Jay Hanselman

Reporter

Jay Hanselman brings more than 10 years experience as a news anchor and reporter to 91.7 WVXU. He came to WVXU from WNKU, where he hosted the local broadcast of All Things Considered.  Hanselman has been recognized for his reporting by the Kentucky AP Broadcasters Association, the Ohio Society of Professional Journalists, and the Ohio AP Broadcasters.

Hanselman covers Cincinnati City Hall for WVXU.

Ways To Connect

Tana Weingartner / WVXU

Police officers from across the region were in Downtown Monday honoring their fallen colleagues as part of National Police Week.

City of Cincinnati

Cincinnati Council could vote Wednesday to apply for up to $29 million in federal money to fund the Wasson Way Commuter Trail Network.  

It is a proposed shared-use path for bikes and pedestrians along an unused rail line running through several eastside city neighborhoods. 

Tana Weingartner / WVXU

Cincinnati's city manager grew up in Baltimore and served as that city's finance director before relocating here.  Harry Black says it saddens him to see what's happening in his hometown.

And Black says Baltimore will have a chance to improve police-community relationships much like Cincinnati did following the 2001 riots.

Ann Thompson / WVXU

The head of Cincinnati's police union says the number of officers working in the city's police districts is bare bones.

Ann Thompson / WVXU

Cincinnati and Hamilton County officials are always talking about ways to share services.  But it appears the city may be ready to "unshare" one service.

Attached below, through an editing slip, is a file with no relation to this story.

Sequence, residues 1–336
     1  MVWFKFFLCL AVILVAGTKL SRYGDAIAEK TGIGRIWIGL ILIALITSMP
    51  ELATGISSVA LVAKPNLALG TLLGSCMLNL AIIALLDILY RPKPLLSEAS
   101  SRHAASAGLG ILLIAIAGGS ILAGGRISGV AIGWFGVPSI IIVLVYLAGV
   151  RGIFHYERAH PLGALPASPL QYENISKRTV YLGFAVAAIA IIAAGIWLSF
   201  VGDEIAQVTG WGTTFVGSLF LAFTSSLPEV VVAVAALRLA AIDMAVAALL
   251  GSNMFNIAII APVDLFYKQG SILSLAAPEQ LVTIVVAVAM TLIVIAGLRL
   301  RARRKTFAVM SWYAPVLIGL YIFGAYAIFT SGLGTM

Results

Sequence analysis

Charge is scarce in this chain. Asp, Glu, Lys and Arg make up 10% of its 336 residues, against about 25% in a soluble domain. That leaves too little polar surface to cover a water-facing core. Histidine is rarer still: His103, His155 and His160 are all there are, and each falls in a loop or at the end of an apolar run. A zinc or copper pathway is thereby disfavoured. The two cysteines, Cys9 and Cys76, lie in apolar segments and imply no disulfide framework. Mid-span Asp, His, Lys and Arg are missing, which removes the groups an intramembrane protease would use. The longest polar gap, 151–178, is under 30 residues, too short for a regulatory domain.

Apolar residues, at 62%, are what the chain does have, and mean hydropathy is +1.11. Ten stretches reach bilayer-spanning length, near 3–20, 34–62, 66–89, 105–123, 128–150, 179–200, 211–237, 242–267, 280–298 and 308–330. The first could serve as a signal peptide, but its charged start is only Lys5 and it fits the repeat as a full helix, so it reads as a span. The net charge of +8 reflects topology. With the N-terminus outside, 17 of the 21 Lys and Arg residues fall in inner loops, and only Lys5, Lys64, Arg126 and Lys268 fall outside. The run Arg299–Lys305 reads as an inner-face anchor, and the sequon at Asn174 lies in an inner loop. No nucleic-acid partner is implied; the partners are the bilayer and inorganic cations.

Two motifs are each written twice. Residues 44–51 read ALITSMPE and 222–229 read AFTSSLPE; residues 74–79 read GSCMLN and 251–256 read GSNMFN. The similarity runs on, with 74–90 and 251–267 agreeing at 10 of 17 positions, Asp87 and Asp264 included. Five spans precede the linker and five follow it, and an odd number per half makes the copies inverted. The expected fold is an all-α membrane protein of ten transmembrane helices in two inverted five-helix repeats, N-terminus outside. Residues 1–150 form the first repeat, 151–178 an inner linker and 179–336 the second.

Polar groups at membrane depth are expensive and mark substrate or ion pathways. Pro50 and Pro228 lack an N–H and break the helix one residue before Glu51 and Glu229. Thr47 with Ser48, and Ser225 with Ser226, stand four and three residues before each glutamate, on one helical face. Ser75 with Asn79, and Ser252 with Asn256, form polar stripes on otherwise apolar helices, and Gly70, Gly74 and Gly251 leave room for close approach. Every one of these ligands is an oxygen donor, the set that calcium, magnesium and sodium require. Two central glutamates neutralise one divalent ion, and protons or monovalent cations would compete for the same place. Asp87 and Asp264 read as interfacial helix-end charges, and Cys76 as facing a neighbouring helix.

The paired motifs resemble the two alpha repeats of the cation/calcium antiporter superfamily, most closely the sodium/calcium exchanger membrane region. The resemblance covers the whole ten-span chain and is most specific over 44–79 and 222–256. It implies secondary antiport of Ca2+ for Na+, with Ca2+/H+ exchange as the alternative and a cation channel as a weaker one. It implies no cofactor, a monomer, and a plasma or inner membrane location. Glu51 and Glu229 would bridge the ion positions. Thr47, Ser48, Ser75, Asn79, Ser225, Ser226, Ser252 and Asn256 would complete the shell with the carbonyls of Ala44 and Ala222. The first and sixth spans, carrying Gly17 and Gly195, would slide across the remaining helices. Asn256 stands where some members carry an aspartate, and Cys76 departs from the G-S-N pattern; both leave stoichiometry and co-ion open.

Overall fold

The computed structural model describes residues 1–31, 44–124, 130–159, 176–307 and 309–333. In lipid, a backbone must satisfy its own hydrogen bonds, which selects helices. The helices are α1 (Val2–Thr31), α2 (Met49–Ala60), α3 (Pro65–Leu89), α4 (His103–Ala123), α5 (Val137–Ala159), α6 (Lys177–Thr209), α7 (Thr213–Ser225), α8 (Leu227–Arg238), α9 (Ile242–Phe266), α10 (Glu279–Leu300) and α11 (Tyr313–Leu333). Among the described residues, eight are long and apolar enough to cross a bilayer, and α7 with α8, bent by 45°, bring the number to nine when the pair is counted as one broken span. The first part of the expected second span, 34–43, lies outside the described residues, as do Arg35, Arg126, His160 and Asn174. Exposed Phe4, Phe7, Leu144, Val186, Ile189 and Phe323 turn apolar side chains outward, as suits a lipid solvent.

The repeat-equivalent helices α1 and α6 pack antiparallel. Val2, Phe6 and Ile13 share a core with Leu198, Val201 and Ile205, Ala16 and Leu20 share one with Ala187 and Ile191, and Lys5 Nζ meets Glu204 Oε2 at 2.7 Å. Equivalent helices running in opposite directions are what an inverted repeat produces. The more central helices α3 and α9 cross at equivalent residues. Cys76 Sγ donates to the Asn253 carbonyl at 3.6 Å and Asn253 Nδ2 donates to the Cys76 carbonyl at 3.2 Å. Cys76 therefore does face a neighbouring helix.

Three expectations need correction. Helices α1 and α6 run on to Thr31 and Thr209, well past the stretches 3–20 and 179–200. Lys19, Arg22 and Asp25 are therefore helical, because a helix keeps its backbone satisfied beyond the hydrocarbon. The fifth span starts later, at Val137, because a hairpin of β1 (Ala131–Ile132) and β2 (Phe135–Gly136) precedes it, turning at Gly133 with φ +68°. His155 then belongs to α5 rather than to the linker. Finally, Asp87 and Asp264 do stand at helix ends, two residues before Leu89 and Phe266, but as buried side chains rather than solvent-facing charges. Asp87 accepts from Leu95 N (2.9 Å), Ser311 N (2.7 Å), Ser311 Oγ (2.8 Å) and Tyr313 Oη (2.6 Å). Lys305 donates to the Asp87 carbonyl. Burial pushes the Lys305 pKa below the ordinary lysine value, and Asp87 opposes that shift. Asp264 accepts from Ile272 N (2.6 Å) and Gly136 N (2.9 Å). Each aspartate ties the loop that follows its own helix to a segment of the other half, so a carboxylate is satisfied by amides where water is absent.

Cincinnati Council is being asked to approve an ordinance dropping the city's membership in the Hamilton County Storm Water District. 

Sarah Ramsey

A Cincinnati Council committee will have two proposals to consider for bringing residential parking permits to portions of Over-the-Rhine.  

City administrators had a plan ready to be implemented.  But Council rejected it last month and the rules say it cannot come back without being changed.  

Mayor John Cranley has an OTR parking proposal without a specific fee for the permits.

Provided / SORTA

The latest controversy with the Cincinnati streetcar project involves what happens to special events along the Downtown and Over-the-Rhine route.  

A report from WCPO Digital Wednesday said a city memo from last year indicated “no special event will be permitted to halt, close, delay or otherwise disrupt streetcar service.”  

Jay Hanselman

By the end of the month, Cincinnati Council will likely have spent the $40,000 in the city’s closed captioning budget for the fiscal year.

The closed captioning is displayed on the CitiCable channel.  It is also shown in the Council chamber to aid the hearing impaired.

So far this fiscal year (starting July 1, 2014), the city has spent $35,666 for captioning service.  That leaves just about $4,300 left to cover April, May and June.  Current trends suggest that money will be gone when the April invoice arrives early next month.

Cincinnati recently changed some parking meter rates in parts of Downtown and Over-the-Rhine.  
 

It is part of a contract with the Xerox Company to help analyze the city's parking assets.  City officials are reviewing that data and using it to price meters.  

Community and Economic Development Director Oscar Bedolla said smartphone technology is coming soon.

Provided / SORTA

Cincinnati officials could be looking to plug about a $500,000 hole in the streetcar operating budget.  

The Southwest Ohio Regional Transit Authority, which will run the system, now estimates fare revenues will be about $675,000 a year.  That is less than an earlier estimate of $1 million.  
 

Part of the reduction could be in how fares are charged.  SORTA is planning for $1 for a two-hour pass.  Earlier studies were based on $1 per trip.

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